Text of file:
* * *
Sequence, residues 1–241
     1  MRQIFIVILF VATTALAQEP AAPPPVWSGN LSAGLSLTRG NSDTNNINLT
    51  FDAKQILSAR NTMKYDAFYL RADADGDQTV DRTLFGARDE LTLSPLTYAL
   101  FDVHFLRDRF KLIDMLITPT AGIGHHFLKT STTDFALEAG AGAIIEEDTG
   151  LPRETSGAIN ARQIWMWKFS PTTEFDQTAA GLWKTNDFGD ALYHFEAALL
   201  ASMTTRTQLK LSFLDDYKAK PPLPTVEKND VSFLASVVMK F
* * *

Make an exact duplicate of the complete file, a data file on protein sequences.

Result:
Sequence, residues 1–241
     1  MRQIFIVILF VATTALAQEP AAPPPVWSGN LSAGLSLTRG NSDTNNINLT
    51  FDAKQILSAR NTMKYDAFYL RADADGDQTV DRTLFGARDE LTLSPLTYAL
   101  FDVHFLRDRF KLIDMLITPT AGIGHHFLKT STTDFALEAG AGAIIEEDTG
   151  LPRETSGAIN ARQIWMWKFS PTTEFDQTAA GLWKTNDFGD ALYHFEAALL
   201  ASMTTRTQLK LSFLDDYKAK PPLPTVEKND VSFLASVVMK F